Even though the Eucharist contains Christ himself, the channel through whom divine life comes to humanity and the goal to which all the other sacraments are ordered, the Eucharist is not a substitute for any of them, neither Baptism, nor Confirmation, nor Penance, nor the Anointing of the Sick; indeed the Eucharist can only be consecrated by someone who has validly received the sacrament of Holy Orders. Each sacrament has its role in the sacramental economy and in the life of the Church. In this sense the Eucharist is considered the third sacrament of Christian initiation. Ever since the first centuries of Christianity, Baptism and Confirmation have been seen as a preparation for taking part in the Eucharist, as necessary steps for entering into sacramental communion with the Body of Christ and his Sacrifice and thus to be more vitally inserted in the mystery of Christ and his Church.

2. The promise of the Eucharist and its institution by Christ

2.1 The promise

During his public life our Lord foretold the Eucharist in the synagogue at Capharnaum, in the presence of those who have become his followers after witnessing the miracle of the multiplication of the loaves and fishes with which he fed the multitude. (cf. Jn 6:1-13). Jesus made use of that sign to reveal his identity and mission, and to promise the Eucharist. Jesus said to them truly, truly I say to you, it was not Moses who gave you the bread from heaven; my Father gives you the true bread from heaven. For the bread of God is that which comes down from heaven, and gives life to the world. They said to him Lord, give us this bread always. Jesus said to them, I am the bread of life; he who comes to me shall not hunger, and he who believes in me shall never thirst . . . I am the living bread which came down from heaven. If anyone eats of this bread, he will live forever; and the bread which I shall give for the life of the world is my flesh . . . He who eats my flesh and drinks my blood has eternal life, and I will raise him up on the last day. For my flesh is food indeed, and my blood is drink indeed. He who eats my flesh and drinks my blood abides in me, and I in him. As the living Father sent me, and I live because of the Father, so he who eats me will live because of me ( Jn 6:32-35, 51, 54-57).

2.2 Institution of the sacrament and its Paschal context

Our Lord Jesus Christ instituted this sacrament at the Last Supper. The three synoptic Gospels (cf. Mt 26:17-30; Mk 14:12-26; Lk: 22:7-20) have passed on the account of the institution. The following is the synthesis of the accounts given in the Catechism of the Catholic Church. “Then came the day of Unleavened Bread, on which the Passover lamb had to be sacrificed. So Jesus sent Peter and John saying, 'Go and prepare the Passover meal for us, that we may eat it…' They went…and prepared the Passover. And when the hour came, he sat at table, and the apostles with him. And he said to them, 'I have earnestly desired to eat this Passover with you before I suffer; for I tell you I shall not eat it again until it is fulfilled in the kingdom of God.'… And he took bread, and when he had given thanks he broke it and gave it to them, saying, 'This is my body which is given for you. Do this in remembrance of me.' And likewise the cup after supper, saying, 'This cup which is poured out for you is the New Covenant in my blood.'" (CCC , 1339).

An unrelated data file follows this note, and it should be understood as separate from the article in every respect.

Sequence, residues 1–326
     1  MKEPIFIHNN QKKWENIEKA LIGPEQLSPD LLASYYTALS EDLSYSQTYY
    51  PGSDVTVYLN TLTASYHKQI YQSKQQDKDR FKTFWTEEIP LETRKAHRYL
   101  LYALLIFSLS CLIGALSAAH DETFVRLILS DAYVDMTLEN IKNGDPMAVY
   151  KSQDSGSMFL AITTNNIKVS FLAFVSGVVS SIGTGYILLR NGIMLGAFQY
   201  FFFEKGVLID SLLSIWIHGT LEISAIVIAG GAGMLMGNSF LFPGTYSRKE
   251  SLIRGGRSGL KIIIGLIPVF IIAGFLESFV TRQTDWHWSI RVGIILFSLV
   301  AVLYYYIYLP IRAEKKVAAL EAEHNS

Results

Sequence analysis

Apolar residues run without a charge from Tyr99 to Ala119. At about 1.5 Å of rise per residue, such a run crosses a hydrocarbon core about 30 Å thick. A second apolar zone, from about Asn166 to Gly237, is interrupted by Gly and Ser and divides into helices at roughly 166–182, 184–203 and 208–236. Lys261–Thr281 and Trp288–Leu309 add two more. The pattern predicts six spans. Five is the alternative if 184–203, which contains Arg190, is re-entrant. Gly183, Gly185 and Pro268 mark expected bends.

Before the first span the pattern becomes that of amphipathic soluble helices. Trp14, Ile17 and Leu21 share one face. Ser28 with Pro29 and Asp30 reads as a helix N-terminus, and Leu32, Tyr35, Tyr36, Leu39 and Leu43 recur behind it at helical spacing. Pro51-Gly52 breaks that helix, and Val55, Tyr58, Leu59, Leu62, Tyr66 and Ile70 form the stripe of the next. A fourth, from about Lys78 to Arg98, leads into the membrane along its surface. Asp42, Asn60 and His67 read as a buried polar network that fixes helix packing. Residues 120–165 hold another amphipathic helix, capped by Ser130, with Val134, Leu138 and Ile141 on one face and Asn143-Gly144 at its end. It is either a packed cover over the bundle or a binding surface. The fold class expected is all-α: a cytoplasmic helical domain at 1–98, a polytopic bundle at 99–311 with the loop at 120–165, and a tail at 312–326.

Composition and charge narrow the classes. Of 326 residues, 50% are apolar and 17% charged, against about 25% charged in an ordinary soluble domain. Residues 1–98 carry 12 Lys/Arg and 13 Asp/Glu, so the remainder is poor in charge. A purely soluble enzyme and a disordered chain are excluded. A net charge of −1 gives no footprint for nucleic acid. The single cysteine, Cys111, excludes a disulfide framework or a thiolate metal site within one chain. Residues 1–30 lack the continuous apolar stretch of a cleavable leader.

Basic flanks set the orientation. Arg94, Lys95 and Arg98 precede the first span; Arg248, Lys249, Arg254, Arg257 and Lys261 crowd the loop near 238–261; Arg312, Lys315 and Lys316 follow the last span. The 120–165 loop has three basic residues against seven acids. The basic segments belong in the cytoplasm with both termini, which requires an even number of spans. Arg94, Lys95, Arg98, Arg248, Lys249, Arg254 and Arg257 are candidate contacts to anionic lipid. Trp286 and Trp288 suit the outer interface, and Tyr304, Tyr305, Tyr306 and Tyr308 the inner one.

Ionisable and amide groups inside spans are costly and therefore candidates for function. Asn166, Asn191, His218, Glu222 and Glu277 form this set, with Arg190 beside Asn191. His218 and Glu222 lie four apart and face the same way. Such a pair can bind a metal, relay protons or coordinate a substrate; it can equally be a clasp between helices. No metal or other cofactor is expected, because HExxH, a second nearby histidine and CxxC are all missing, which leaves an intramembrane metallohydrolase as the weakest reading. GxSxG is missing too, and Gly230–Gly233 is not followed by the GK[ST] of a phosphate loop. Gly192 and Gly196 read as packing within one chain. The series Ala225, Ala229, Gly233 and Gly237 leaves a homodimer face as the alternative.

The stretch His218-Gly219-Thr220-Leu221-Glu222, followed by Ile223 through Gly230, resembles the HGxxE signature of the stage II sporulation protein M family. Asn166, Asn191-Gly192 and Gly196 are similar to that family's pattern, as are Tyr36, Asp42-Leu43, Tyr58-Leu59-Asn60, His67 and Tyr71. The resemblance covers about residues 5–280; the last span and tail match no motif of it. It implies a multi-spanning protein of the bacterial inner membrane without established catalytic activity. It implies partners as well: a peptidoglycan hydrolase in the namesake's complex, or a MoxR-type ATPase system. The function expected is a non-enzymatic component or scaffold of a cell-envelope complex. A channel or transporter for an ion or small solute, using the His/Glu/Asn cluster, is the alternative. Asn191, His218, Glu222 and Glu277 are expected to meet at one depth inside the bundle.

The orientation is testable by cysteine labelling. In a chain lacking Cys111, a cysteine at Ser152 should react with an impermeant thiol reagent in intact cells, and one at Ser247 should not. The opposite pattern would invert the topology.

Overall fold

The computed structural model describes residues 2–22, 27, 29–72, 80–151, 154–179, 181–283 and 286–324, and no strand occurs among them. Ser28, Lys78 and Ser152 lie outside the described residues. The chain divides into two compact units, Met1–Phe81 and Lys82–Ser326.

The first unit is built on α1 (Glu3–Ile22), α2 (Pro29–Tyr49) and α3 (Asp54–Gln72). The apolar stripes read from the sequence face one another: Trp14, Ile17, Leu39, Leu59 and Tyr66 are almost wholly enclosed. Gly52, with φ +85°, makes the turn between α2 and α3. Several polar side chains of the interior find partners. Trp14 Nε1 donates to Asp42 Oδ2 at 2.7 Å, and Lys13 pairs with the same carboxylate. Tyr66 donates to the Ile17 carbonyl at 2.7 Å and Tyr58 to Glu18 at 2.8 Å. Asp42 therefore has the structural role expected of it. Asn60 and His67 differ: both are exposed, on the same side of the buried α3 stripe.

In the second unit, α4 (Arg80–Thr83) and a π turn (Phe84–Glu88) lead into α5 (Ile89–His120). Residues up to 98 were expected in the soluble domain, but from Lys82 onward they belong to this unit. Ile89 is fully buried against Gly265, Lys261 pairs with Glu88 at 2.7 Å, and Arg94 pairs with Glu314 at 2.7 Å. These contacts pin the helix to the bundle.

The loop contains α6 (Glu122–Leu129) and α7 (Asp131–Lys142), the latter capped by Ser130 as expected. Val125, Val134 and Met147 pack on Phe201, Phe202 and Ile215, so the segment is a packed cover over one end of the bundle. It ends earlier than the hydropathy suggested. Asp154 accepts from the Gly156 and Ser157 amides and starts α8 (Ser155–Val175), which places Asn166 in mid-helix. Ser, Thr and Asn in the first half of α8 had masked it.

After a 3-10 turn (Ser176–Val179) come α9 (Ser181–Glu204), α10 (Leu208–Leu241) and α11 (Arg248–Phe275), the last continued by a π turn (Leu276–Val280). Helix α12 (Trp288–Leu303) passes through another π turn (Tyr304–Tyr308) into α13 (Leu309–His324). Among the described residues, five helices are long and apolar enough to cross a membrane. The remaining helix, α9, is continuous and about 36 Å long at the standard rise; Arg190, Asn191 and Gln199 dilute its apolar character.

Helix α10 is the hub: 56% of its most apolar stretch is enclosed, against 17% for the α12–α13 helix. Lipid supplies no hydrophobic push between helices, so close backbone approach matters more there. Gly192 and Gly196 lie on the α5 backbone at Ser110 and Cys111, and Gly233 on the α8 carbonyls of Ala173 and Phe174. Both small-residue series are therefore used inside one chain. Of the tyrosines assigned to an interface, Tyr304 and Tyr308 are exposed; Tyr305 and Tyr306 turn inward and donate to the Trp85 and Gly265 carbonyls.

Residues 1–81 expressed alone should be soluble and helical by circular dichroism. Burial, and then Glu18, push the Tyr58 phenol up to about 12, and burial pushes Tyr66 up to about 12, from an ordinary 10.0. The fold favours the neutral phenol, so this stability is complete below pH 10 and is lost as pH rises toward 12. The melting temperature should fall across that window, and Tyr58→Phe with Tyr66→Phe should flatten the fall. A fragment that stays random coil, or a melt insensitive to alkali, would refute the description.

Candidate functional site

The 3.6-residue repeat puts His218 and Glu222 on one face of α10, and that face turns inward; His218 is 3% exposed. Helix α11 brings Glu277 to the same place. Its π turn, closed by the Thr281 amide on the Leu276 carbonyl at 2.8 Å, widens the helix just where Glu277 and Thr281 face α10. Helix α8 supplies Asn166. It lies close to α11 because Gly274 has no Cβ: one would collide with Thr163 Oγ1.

Jesus, then, celebrated the Last Supper in the context of the Jewish Passover, but at the Lord's Supper something completely new took place. The center was not the lamb of the Old Testament, but rather Christ himself, the Body that he gave up (offered in sacrifice to his Father for mankind), and his Blood poured out for many for the forgiveness of sins (Mt 26:28). Thus we can say that Christ, rather than celebrating the Old Passover, announced and carried out, anticipating it sacramentally, the New Passover.

2.3 Meaning and content of the Lord's command

Christ's explicit command, Do this in remembrance of me (Lk 22:19; 1 Cor 11:24-25), makes clear the institution that took place at the Last Supper. Thus he asks us to respond to his gift and to make it sacramentally present (the presence of the Body he gave up for us and Blood he shed, that is to say, his sacrifice for the remission of our sins.)

“Do this." With these words he designated those who can celebrate the Eucharist, the Apostles and their successors in the priesthood; and he conferred the power to celebrate it and determined the basic elements of the rite: the same ones that he employed. Therefore the celebration of the Eucharist requires bread and wine, the prayer of thanksgiving and blessing, the consecration of the gifts into the Body and Blood of the Lord, and the distribution of and communion with this most Sacred Sacrament.

“In remembrance of me," as a memorial of me. Thus Christ directed the apostles (and in them their successors in the priesthood) to celebrate a new “memorial" that would replace the one celebrated in the Jewish Passover. This memorial rite has a special efficacy: it not only helps the community of believers to “remember" Christ's redeeming love, his words and gestures during the Last Supper, but also, as a sacrament of the New Law, makes the reality signified truly present: Christ himself, 'our Paschal Lamb' (1 Cor. 5:7), and his redeeming sacrifice.

3. Liturgical celebration of the Eucharist.